What is Career Readiness?


By Julie Sweitzer


Why should an adolescent have thought about careers before going to college? Isn’t college the time for exploration? Doesn’t college count as part of their preparation, so how can they be career ready in high school? All good questions. Career Readiness means a student has explored fields of interest and has an idea, or several ideas, about what careers could be good fit. The student knows whether a two or four year college or a technical program is needed to prepare for a particular career, and uses the information to select a college to attend. 

For some students a two or four year college is a great opportunity for exploration. All of the majors I considered were easily completed in four years, and I took the introductory classes my freshman year as a way of sorting out the options. My daughter, on the other hand, started in a liberal arts college with no idea about a major, so she took an excellent “So You’re Undecided?” one credit option. What it helped her identify was a major in a different college that required four years of sequential studios that only started in fall. She was on the five year plan by October of her freshman year, headed into a career in a field she had never considered. She made it work and is quite happy, but a little exploration in high school might have saved a full year’s tuition (and a few headaches).

For some technical fields there are limited numbers of programs, and popular ones often have waiting lists. Generally you can’t walk into the local tech college and sign up for next month’s welding program (if it has one). There are placement tests and maybe a year’s wait. Using time well before the program starts is another planning step.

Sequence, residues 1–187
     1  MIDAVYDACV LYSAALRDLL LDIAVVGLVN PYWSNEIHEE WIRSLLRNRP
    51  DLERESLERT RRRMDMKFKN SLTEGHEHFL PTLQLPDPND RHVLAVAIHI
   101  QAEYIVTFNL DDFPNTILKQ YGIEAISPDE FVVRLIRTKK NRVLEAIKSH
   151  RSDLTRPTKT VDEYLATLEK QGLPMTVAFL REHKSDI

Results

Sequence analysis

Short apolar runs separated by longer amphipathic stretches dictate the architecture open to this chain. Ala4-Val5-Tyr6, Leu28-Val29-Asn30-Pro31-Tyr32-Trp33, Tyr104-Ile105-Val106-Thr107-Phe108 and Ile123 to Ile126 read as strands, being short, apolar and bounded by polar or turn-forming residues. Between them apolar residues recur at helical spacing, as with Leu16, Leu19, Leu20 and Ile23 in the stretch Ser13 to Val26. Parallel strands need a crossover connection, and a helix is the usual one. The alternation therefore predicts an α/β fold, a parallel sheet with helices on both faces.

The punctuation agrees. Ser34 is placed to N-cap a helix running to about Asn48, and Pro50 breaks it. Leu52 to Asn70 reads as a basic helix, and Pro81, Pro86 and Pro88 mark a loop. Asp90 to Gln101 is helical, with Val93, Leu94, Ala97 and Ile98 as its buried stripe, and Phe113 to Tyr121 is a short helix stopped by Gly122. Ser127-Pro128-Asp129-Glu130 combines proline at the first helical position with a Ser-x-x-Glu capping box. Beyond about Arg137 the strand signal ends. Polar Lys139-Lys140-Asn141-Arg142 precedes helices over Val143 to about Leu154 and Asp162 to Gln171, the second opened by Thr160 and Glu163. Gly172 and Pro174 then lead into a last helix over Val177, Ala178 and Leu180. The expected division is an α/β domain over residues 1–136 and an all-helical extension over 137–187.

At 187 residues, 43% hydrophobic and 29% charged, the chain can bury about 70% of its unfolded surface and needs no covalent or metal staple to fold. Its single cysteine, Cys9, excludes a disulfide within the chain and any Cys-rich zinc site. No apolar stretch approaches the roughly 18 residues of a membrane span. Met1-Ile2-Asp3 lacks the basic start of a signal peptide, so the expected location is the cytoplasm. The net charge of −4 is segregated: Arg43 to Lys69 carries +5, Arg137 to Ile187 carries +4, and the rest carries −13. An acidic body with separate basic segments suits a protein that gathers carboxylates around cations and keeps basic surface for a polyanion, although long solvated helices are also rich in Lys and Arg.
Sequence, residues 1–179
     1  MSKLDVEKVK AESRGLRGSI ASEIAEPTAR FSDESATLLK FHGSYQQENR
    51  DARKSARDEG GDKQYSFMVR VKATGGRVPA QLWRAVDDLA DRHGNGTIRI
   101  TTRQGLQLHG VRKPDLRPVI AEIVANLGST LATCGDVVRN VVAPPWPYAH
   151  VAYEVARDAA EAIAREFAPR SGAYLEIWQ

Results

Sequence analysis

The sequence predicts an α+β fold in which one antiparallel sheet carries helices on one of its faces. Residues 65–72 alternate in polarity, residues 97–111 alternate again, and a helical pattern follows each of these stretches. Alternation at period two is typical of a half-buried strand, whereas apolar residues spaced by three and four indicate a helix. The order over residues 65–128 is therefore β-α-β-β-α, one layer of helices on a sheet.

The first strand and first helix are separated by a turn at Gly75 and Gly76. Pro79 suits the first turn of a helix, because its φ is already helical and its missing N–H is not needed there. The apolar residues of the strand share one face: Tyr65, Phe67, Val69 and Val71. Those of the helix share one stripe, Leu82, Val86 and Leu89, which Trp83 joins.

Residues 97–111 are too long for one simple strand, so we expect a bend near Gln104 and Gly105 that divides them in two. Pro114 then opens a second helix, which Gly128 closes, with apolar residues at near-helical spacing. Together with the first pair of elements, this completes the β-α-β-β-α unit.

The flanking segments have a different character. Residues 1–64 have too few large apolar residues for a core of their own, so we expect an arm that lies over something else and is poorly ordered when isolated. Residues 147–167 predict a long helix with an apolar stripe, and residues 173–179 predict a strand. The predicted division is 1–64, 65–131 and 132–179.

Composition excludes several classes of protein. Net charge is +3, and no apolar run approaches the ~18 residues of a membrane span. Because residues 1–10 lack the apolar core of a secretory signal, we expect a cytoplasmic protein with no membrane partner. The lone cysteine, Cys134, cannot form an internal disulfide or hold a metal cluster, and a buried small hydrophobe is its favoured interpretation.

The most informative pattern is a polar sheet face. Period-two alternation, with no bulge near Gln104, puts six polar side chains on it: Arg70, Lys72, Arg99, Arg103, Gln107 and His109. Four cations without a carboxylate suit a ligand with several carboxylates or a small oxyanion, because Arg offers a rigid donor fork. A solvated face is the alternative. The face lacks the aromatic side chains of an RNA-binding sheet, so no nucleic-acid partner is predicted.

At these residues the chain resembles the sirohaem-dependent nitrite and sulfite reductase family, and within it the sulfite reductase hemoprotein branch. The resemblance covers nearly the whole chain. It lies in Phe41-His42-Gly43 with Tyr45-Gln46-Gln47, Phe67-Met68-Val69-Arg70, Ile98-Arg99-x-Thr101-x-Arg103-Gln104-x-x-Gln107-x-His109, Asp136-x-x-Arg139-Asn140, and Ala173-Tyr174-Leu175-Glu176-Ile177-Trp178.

Exploring careers can help adolescents understand the importance of postsecondary, and of the middle and high school preparation needed. Without some intentional attention to careers, students are unlikely to have conversations about how one becomes a computer programmer or writer or mechanic. They may not understand that jobs are changing so quickly that they need to be prepared to learn new skills throughout their lives. 

While postsecondary education helps build knowledge and develop skills that serve us well as citizens and family members, the job possibilities and increased salary potential that a degree opens up are important. On average, a four year degree can provide around a million dollars’ worth of additional income over a lifetime, as compared to a high school degree. That fact usually gets an adolescent’s attention, especially since they tend to think of it as coming in one big lump (don’t we wish!) Improved health, voting participation, and civic engagement are associated with more education as well. 

If nothing else, it helps answer the why question in most students’ minds – Why should I pay for (and perhaps endure) even more education? Because it will help you achieve your dreams, whether those be about career, family, or personal life goals. That’s how you get students engaged in their education.

We have been curious how students around the country are experiencing our Ramp-Up to Readiness program, which kickstarts college and career readiness for students in grades 6 – 12.  So, we asked CAREI to survey the students and the results were promising! 85% of respondents said that they better understood which careers pay a good wage and 81% reported they had a better understanding of the careers that will be in demand in the future. Do you know students who would benefit from college and career readiness? If so, please visit our website

About the author: Julie Sweitzer is Executive Director of the College Readiness Consortium and Ramp-Up to Readiness. Previously she directed the Minnesota Principals Academy and helped create Youth Central, a website that makes it easy to find the University of Minnesota programs and activities that serve K12 students and families. Julie was an elected board member of the St. Louis Park Public Schools for 12 years.

She holds a Masters of Public Affairs from the University of Minnesota’s Humphrey Institute of Public Affairs, and a J.D. from the University of Minnesota’s Law School.

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